This is a friendly, interactive exchange of information on all Real Estate related subjects. Follow on Twitter: @RETALKS


Moderator: admin

  • 1
  • 2
  • 3
  • 4
  • 5
  • 9
 
eyesthebye2
Real Estate Talker
Topic Author
Posts: 1207
Joined: Sun Jul 27, 2014 6:41 am
Contact:

why condos aren't good investments

Thu Dec 11, 2014 10:27 am

article is a couple of years old but sums up basically how I feel about condos - and why I never wanted to own one.
I feel condos are in line for a 60% drop when the investor component disappears
http://www.biggerpockets.com/renewsblog ... vestments/

As a result of the real estate crash in 2007, local markets in many cities have been flooded with a glut of distressed, bank owned, and unsold developer-owned condos, many of which are being offered at ridiculously reduced prices. This may lead you, the real estate investor, to wonder, “are condos good real estate investments?”. Ever since I lost $40,000 gambling on appreciation on a condo investment I’ve always felt like the answer was a resounding NO! Obviously we all know that all real estate is LOCAL and there are no hard and fast rules for every market but with that being said . . .

Here are the reasons I’ve stayed away from condos as investment properties.

Condo Fees

Every unit in a condominium pays condominium fees to cover the costs of the common elements and services in the building. Condo association fees range from hundreds to thousands per month depending on the type of building, the buildings requirements, and the amenities offered. Typically monthly condo fees are allocated towards the property’s master insurance policy, doorman/doormen, snow removal, trash removal, reserves, professional services like lawyers/accountants and possibly some utilities. In luxury buildings condo fees may go towards other amenities like fitness rooms, pools, valet parking, 24 hour concierge and chauffer driven vehicles. These condo fees, while beneficial to the owner occupant, are problematic for the real estate investor.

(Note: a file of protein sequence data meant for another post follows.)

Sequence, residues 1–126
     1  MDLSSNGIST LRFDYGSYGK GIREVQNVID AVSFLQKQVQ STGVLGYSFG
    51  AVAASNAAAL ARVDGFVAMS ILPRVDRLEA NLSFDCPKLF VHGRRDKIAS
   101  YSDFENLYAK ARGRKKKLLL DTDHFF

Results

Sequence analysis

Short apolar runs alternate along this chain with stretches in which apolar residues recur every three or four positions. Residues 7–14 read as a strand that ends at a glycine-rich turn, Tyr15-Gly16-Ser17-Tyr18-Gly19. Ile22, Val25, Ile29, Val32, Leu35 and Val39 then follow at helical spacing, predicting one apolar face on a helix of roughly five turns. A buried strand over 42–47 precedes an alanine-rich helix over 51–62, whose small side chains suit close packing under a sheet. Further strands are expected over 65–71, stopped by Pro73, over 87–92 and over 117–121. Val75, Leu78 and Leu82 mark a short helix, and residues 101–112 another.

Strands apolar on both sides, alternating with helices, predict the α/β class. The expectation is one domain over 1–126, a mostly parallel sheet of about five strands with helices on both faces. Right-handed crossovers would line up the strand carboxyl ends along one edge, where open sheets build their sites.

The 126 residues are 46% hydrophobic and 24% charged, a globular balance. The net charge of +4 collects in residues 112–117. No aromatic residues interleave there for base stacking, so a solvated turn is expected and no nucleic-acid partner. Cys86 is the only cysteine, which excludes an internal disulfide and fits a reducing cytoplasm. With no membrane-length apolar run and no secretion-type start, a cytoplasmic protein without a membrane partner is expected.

Monthly condo fees make it virtually impossible for an investor to put down the minimum amount required to purchase an investment property and still end up sufficiently cash flow positive. In order to “make the condo work” as a cash flow positive investment, a higher down payment is required which means less money is available for future or concurrent opportunities and the leverage opportunity is diminished. Apples to apples the ROI and cash flow on a condo are less than what they would be on a single family or multifamily investment at the same price. It’s true that condo association budgets are created annually and they can fluctuate up or down, but most owners of condominiums will tell you that they usually go up and rarely or never go down – so there’s no end in sight.

Increased Risk Alert: Special Assessments

Condo owners always face the risk of the dreaded SPECIAL ASSESSMENT. Over time the condo association will need money to make capital improvements like new windows or a new roof and will require each unit over to pay his or her pro rata share of the expenses. Special assessments do improve the property, but can cost anywhere from a few thousand to tens of thousands PER UNIT. Obviously this is catastrophic for the investor who isn’t living at the property and will likely see no increase in income as a result of the new roof or windows. It’s not difficult to envision a scenario where a special assessment therefore negates positive cash flow or turns an investment cash flow negative for a year or several years.

Other Investment Concerns With Condos

Landlord Control - Owners of single family and multifamily are free to make decisions as they see fit. Condo owners are subject to condo bylaws and must follow rules that others set for them.
Rental Restrictions – Too high of a ratio of non-owner occupants is bad for the financability of a condo. To combat this recent trend, condo associations have started limiting the number of units in a building that can be used as rentals. I’ve seen a few situations where the waiting list for permission to use a condo as rental, required a wait of 1-2 years. If you purchased a condo as an owner occupant with the intentions of renting it out as an investment down the road, consider the effect a 12-24 month vacancy would have on your return.
Volatility – There’s plenty of data out there that shows condo values drop more quickly that single family homes and that condos don’t appreciate as well as single family homes. This volatility exposes the condo investor to increased risk as real estate prices fluctuate between cycles.
Supply and Demand – Another concern with condos as investments in the possibility that a developer can come in and build a 100-200 unit condo building in the same space that say 20 or so homes would fit. Right or wrong I’ve always felt that this possibility makes condos less scarce and thus less valuable.